Also starring: Kurt Vile, Keith Richards, Julia Holter and John Lydon

What would you do with Paul McCartney’s banana? One evening a few weeks ago, I diligently interrupted my holiday to go through some emails back at the hotel room. One, from my colleague Michael Bonner stood out. Michael had written it at Ashford Station, on the way back to London after spending some time at McCartney’s studio near Rye.

Ostensibly, McCartney was talking to Uncut about the imminent reissues of Pipes Of Peace and Tug Of War. As Michael put it in the email, though, “he can’t really stop himself talking about The Beatles,” and the interview opened up into an intimate and wide-ranging chat that used “Here Today” as a jump-off point to discuss much about McCartney’s relationship with John Lennon. From their earliest songwriting attempts, through the Beatles split, right up to the distressing aftermath of Lennon’s death, McCartney is candid and poignant, to an almost unnerving degree.

He remembers in detail the day he heard Lennon had been shot, for instance, remembers Linda telling him the news, then deciding to go ahead with a planned recording session (with The Chieftains) because “you’re always advised to work through your grief.”

“I came out and was still in shock,” he tells Michael. “I didn’t want to see any paparazzi but they were there. There was guy with a mic. He said, ‘What do you think of John…’ We were driving past, so it wasn’t like I was standing doing a big interview. I just couldn’t think of anything. I said, ‘It’s a drag.’ And I meant, ‘An unholy fucking bastard worst drag ever.’ But the words that came out, ‘It’s a drag’, sounded so casual. It certainly didn’t sum up what I was feeling. Anyway, there you go. Too bad. That’s what happened.

“Then I came home and just cried and saw the news and tried to find out some more details on the news and saw pundits coming on and doing what people had wanted me to do. Which was to be sensible about his death and what a tragedy it was, du-du-du-du-du-du, and he was a great man and du-du-du-du-du-du. But I couldn’t. I couldn’t get any of that together. In fact, I rather despised the pundits who did. I can’t blame them now, but they were old friends or casual acquaintances and they’d been hauled in to say something. Yeah, but it was a hell of a shock for months at least, on an immediate level, and then there were all sorts of repercussions and stuff.”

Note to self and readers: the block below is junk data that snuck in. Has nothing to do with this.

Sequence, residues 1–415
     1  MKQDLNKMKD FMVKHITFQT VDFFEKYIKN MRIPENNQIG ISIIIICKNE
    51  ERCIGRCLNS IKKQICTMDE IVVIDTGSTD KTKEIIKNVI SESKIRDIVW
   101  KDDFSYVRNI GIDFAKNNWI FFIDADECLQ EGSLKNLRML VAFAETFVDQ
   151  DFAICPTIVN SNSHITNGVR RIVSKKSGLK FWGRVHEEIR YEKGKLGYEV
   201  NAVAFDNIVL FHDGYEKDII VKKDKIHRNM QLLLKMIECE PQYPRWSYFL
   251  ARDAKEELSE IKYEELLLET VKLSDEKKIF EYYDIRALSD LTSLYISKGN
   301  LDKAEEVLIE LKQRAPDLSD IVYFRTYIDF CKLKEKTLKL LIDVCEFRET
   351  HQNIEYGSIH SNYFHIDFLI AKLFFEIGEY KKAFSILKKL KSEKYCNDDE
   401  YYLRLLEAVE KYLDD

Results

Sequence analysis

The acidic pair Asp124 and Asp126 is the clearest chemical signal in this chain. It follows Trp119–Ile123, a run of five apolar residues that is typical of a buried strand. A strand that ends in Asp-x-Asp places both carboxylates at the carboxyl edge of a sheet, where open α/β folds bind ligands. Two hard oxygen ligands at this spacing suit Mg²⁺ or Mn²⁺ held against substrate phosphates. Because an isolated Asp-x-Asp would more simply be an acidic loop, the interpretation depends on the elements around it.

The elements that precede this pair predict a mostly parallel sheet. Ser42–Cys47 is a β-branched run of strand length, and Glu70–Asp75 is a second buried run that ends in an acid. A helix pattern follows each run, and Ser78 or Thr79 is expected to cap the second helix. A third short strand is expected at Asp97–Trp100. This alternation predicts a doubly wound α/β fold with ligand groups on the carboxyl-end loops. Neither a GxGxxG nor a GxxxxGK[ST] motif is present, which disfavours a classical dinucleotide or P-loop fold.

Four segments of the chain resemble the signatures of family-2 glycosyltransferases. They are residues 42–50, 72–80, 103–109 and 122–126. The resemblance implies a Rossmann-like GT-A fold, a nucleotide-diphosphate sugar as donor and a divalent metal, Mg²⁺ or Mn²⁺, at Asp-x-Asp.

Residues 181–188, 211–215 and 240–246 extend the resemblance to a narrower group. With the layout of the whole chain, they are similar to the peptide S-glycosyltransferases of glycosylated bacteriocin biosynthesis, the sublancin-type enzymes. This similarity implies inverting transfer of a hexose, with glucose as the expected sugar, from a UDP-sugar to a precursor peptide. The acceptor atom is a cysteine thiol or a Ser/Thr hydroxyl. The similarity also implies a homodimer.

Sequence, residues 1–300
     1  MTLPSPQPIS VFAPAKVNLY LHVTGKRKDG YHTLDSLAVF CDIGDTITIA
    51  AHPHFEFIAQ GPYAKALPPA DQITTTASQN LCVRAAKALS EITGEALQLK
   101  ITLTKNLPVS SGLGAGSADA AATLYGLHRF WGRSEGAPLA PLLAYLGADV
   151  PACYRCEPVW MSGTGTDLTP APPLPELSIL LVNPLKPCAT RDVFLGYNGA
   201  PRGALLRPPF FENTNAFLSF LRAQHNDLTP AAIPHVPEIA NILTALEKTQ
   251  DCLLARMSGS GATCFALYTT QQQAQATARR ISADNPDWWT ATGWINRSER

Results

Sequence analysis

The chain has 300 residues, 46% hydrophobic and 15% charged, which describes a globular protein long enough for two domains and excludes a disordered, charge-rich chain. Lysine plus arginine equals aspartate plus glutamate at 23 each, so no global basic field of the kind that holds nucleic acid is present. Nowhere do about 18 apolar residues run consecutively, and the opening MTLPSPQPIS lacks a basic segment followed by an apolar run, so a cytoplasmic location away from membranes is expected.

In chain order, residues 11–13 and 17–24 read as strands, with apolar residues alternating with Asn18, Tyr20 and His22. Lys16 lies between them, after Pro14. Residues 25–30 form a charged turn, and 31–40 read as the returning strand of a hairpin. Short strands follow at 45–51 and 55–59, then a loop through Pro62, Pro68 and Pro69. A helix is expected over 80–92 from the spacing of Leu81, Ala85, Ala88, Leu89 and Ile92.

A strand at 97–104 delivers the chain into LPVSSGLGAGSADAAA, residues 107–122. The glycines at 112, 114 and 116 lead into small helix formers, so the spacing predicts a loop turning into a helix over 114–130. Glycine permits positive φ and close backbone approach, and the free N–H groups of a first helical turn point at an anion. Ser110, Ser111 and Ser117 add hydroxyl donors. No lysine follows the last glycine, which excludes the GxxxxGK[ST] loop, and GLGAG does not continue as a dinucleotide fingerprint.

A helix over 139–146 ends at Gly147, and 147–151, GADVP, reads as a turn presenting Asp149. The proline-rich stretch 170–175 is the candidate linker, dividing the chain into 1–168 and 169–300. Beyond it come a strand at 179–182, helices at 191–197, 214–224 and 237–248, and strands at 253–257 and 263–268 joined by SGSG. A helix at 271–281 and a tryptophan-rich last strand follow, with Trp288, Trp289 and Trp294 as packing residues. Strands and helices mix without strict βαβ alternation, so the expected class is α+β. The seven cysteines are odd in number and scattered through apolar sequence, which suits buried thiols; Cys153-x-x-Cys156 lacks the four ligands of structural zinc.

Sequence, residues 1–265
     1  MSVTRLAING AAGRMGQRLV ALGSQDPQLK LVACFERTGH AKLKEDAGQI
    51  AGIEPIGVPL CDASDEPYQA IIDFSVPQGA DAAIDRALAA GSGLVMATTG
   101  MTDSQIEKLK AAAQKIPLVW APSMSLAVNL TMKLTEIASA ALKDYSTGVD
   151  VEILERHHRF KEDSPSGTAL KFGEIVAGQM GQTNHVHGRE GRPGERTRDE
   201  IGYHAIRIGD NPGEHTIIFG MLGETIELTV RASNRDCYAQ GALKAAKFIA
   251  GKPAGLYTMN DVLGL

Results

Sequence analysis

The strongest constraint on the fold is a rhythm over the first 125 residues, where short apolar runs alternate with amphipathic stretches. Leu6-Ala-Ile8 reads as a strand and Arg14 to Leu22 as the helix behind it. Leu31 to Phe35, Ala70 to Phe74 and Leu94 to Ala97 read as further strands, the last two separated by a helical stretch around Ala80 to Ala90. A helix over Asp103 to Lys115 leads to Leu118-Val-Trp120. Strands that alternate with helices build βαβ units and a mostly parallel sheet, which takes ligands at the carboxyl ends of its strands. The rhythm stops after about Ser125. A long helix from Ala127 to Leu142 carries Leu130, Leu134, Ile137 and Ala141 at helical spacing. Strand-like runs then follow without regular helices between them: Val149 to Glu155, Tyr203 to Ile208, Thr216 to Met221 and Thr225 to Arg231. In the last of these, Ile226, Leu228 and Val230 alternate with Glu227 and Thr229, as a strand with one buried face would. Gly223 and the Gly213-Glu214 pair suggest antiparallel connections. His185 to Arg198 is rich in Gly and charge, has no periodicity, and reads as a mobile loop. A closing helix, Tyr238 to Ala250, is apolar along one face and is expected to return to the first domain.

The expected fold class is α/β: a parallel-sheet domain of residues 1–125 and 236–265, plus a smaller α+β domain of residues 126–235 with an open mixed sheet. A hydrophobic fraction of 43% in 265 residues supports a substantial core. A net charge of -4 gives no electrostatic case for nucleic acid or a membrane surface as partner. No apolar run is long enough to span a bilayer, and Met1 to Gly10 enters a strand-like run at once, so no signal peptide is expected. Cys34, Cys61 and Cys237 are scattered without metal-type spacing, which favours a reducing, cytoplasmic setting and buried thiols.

You can read the whole interview in this month’s new issue of Uncut, on sale today in the UK, and a pretty good example of how we’re trying to draw powerful connections between rock’s canonical superstars (I would use the word ‘iconic’ at this point, but it’s become so naff and meaningless nowadays that I’ll do anything to avoid it) and the very best music being made in 2015. As a consequence, we have terrific interviews with McCartney, Keith Richards and John Lydon, alongside equally compelling pieces about Julia Holter and Kurt Vile.

There are also pieces on Dan Auerbach, Squeeze, Mercury Rev, Richard Farina, Uncle Acid & The Deadbeats and Beirut, and deep reviews of Bjork, Link Wray, Robert Forster, Low, New Order, David Gilmour, Wilco and the Dave Rawlings Machine. Low, Lydon, Auerbach’s Arcs, Uncle Acid and Forster are also on this month’s free CD, along with the likes of Phil Cook, Bilal amd Titus Andronicus, a wonderful lost gem from Elyse Weinberg (featuring Neil Young on guitar), and a revelatory version of “Reel Around The Fountain” by James Elkington & Nathan Salsburg that shows how Johnny Marr was a folkie all along.

Anyway, about that banana. “Macca,” wrote Michael in his original email, “gave me a banana for the train” I’d like to say we’ve preserved it in some way as a holy relic, as part of an Uncut museum of gifts from rock’s beneficent grandees. Unfortunately, though, the iniquities of the national rail network put paid to that dream. “It’s proved useful,” he continued, “as I’ve been at Ashford for an hour due to a derailment further down the line…”